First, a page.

In the Beginning ...

It was raining and I scored a lift home with Rob McGuirk from our friend Glenda Lindsay’s memorial service and after we had talked about the life of our inspiring friend he asked me, “What’s your next project?”.  My exhibition Keys To Our Country - portraits celebrating Aboriginal Australians who bring their culture into their work, was hanging at Deloitte in Melbourne (and still is) and going well, so the next project was brewing.  I explained gender balance was really important to me and I was thinking of painting women CEO’s to highlight the statistical fact that there are so few.  Rob, immediately thought of the Rotary Women’s breakfast and putting me in touch with it’s organiser Kerry Kornhauser and we started talking about likely candidates and ideas.  From a whim, to a spark, to excitement.

Ideas are just shells until life is breathed into them.  When you have friends who also love ideas, are doers, take risks to make things they believe in happen, it gets easier and more fun.  Glenda was one such person, so it is fitting that the idea for Leading Women’s Profile got going while thinking of her.

Later I explained to Kerry and Rob that I wanted to use the portraits to raise funds and as Kerry was associated with Bridge of Hope and I have years of experience volunteering in the homelessness space, it seemed a good fit.

This created the link between the most powerful and most vulnerable women, all experiencing greater challenges due to their gender. Twenty years as a communication facilitator means I like to have an impact, to inspire others to action and to get better outcomes. It is the same with my artwork.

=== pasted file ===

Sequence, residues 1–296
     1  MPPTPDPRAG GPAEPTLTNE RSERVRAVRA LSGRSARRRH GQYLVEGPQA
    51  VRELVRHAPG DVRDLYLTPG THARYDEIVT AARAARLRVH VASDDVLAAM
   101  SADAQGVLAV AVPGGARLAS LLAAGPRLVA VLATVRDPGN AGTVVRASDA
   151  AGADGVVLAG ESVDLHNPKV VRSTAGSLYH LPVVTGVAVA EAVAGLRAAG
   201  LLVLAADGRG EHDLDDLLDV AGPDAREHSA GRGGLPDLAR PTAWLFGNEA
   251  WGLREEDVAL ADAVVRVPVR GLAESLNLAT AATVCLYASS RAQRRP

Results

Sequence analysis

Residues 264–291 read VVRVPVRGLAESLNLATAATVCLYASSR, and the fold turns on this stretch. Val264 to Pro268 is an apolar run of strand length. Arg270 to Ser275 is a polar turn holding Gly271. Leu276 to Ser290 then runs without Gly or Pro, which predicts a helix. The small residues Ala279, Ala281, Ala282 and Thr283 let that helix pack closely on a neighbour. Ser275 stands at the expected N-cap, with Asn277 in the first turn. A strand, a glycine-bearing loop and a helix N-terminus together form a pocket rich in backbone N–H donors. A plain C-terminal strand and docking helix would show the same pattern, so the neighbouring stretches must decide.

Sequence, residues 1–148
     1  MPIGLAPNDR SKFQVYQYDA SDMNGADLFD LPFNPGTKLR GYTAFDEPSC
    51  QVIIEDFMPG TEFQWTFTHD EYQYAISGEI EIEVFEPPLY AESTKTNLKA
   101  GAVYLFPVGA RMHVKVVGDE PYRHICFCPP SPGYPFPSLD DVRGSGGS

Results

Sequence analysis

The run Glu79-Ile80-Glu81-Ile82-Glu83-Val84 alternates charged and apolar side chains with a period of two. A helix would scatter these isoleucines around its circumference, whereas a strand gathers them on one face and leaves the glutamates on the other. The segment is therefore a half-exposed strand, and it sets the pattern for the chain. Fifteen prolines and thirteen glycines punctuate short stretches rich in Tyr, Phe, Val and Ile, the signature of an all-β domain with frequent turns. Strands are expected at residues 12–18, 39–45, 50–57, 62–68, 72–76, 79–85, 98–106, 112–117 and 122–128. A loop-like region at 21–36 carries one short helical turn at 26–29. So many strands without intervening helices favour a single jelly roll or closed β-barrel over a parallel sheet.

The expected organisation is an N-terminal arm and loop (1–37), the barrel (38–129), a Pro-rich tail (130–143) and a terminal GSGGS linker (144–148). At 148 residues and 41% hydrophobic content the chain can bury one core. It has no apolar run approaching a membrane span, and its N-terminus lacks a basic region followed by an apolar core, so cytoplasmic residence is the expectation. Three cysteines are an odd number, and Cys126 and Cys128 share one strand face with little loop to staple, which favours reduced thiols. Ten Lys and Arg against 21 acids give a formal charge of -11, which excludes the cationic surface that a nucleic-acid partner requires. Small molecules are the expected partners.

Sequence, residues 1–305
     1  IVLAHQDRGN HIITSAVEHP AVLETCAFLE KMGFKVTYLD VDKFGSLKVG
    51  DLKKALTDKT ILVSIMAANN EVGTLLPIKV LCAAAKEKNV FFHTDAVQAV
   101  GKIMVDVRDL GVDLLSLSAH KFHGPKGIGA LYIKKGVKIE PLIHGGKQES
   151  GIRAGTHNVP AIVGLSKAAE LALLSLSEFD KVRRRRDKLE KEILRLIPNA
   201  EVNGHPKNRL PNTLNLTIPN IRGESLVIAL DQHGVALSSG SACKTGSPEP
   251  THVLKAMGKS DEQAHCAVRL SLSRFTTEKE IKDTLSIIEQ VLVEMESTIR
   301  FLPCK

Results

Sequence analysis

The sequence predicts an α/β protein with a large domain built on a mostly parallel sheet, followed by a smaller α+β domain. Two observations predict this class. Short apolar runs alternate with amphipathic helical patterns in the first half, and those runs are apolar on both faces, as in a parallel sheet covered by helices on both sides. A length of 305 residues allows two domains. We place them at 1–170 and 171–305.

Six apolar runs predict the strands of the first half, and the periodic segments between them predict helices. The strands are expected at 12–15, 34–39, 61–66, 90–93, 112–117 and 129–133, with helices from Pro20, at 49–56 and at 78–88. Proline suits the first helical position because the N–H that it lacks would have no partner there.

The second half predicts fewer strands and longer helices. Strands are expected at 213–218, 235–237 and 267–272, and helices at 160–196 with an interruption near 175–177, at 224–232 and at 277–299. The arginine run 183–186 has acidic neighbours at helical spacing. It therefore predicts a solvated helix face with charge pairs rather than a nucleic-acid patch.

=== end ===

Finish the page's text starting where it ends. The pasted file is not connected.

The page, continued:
The Herald Sun article from September 2018 explaining that the ASX200 had only 11 women CEO’s was a great statistic to get started with.  I began sending out invitations and getting the wheels turning.

The women CEO’s I have met so far have just been stand out lovely people.  Georgette Nicholas was the first to say yes and one yes means ‘it’s on’ so I am grateful for her open hearted commitment.  Each portrait will be painted against a blue sky, signifying endless possibilities. The paintings will be part of the Women in Rotary International Women’s Day Breakfast on March 7, 2019 and then go to Deloitte Melbourne to be exhibited at their client Centre at 550 Bourke St.  The portraits will be sold for $3000 to support Bridge of Hope’s - Bridging the Gap program that helps youth coming out of child protection and state care get on their feet.

Dedication - Marlene McAuliffe

I want to take this opportunity to explain who this exhibition is dedicated to and why.  Marlene McAuliffe was the best of friends to me for over 30 yrs, enfolding me into her family.  Marlene died in 2017.  She was a person who valued friendship; who listened; who was curious and loved beauty; who made each person she spoke to feel important and cherished; who made friends into family.  Those of us who new her know that we were lucky, that our lives are richer for it and always will be.

Marlene's spirit embodies what this exhibition is about. Being curious, seeking beauty, being willing to learn, to cherish and to welcome.